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mathbyvemuri • May 4, 2012

Vemuri's Brain Teaser-1

I want to present a series of brain teaser problems collected from various sources, for the benefit of GMAT takers looking for some tougher-level questions. Here it goes the first one.....

There are eight bags of rice looking alike, seven of which have equal weight and one is slightly heavier. The weighing balance is of unlimited capacity. Using this balance, the minimum number of weighings required to identify the heavier bag is
(A) 2 (B) 3 (C) 4 (D) 5 (E) 8
Kaustubh Katdare
Kaustubh Katdare • May 4, 2012
mathbyvemuri : The approach to this problem changes depending upon the type of balance.
mathbyvemuri • May 4, 2012
mathbyvemuri : The approach to this problem changes depending upon the type of balance.
Yes, I got your point, it's a simple common balance
Ankita Katdare
Ankita Katdare • May 4, 2012
The answer should be a = 2.

Divide the 8 bags into groups od 3, 3 and 2
First compare 3 and 3. If it is equal, then the heavy bag is in the next group i.e. of 2.
If it is not equal, then we take the group that weighs more. Keep one bag in it aside and weigh the rest of the 2. This will give the answer.
mathbyvemuri • May 8, 2012
@ AbraKaDabra,you are right. For the sake of all I want to elaborate on the approach to solve it:
This one and needs extension of our thought process.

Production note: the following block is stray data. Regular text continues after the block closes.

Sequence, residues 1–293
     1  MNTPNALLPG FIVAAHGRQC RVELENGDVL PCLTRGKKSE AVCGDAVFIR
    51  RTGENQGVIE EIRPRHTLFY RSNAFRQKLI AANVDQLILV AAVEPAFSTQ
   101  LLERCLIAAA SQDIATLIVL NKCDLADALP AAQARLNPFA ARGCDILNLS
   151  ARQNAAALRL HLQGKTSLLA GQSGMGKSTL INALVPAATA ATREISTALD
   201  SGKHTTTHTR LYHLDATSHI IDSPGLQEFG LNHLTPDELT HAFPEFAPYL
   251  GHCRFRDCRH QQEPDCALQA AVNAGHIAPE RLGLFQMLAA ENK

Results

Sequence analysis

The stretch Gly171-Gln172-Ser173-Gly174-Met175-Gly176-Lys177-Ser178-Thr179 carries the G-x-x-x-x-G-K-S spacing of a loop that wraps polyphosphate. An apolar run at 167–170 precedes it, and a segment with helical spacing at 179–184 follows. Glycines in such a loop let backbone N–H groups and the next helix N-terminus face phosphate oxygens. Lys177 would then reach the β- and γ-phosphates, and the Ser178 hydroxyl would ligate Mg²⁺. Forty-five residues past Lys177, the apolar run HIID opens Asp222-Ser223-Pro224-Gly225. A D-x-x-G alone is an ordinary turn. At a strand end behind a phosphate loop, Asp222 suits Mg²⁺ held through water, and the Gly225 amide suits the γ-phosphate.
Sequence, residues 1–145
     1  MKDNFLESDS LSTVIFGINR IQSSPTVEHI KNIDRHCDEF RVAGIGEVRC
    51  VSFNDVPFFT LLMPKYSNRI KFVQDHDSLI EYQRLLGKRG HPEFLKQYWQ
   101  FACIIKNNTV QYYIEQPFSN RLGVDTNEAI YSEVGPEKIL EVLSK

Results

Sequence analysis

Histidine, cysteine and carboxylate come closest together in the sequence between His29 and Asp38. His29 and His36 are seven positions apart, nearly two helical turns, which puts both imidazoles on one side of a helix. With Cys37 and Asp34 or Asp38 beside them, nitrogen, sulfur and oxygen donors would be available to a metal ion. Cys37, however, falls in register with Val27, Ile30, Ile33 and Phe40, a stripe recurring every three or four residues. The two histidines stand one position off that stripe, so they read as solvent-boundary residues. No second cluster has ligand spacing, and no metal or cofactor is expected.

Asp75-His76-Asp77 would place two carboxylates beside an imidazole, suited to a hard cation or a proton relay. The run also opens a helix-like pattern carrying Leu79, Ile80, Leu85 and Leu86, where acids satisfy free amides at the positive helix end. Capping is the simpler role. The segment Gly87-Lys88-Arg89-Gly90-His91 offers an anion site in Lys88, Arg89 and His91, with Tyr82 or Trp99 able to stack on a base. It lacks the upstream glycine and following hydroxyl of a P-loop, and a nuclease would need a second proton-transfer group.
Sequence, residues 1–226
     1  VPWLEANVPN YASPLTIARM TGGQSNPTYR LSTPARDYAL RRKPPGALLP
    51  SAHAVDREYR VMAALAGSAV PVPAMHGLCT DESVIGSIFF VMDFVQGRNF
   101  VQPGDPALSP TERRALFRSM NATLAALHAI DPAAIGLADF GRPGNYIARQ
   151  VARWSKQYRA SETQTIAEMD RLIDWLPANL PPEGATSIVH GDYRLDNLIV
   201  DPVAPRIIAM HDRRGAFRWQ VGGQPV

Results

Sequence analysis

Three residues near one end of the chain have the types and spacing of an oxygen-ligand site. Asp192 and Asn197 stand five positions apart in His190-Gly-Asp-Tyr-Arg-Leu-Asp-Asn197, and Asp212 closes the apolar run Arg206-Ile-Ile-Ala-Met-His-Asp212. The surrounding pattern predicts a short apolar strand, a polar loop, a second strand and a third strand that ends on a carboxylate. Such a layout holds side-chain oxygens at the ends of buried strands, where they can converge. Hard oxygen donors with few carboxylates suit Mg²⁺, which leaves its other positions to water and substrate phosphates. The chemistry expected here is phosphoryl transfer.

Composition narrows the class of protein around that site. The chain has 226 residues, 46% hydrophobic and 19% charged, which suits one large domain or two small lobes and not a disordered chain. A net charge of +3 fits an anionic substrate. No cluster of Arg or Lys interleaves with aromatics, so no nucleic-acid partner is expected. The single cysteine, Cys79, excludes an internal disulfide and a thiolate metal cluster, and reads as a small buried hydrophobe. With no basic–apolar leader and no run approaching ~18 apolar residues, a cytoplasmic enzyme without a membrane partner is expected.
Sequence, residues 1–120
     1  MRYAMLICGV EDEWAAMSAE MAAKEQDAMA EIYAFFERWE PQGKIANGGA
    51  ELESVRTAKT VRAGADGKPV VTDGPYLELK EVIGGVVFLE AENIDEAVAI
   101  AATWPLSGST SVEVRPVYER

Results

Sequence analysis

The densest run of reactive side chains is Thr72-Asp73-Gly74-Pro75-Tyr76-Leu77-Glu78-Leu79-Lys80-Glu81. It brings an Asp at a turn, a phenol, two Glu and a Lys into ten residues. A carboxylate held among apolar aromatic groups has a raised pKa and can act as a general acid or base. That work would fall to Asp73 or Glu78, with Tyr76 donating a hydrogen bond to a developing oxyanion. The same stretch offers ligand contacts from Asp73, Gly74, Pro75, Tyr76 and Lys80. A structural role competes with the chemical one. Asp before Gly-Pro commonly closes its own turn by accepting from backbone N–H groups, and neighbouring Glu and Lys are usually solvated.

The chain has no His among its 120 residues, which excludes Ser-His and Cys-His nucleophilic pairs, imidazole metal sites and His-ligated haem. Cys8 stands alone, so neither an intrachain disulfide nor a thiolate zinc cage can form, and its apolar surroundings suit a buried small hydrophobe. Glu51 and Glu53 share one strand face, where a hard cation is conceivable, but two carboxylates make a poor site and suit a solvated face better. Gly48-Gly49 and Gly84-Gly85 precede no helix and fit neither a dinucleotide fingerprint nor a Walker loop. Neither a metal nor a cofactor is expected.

Most general mistake done here is dividing all the eight bags in to 2 lots of four each, weighing them by placing each lot on one of the two sides of the balance. This makes us to identify the lot with heavier bag. Now we came down to 4 bags from 8 bags. Repeat this process for two lots, each lot containing two bags. Then we will come down to two bags and one more iteration of the process gives us the final result of finding the odd bag out. This process involves three stages of weighing which is not the minimum possible one.

Right approach:
Keep two bags aside and consider two lots of three bags each and weigh them. Go to Case-I in case of unequal-weighing lest go to case-II.

Unequal weighing hints that the odd one is in a set of three bags. Then keeping one bag aside, and weighing the rest two, with one on each side, reveals the odd-bag.
Altogether, this process involves two stages of weighing.

Equal weighing of three-three bags on each side hints that the odd one is in the set of two bags kept aside. Then proceed with weighing of those two bags and get the odd-bag out.
Altogether, this process involves two stages of weighing only.
mathbyvemuri • May 14, 2012
The links for next Brain Teasers:
Brain Teaser-2 Brain Teaser-3

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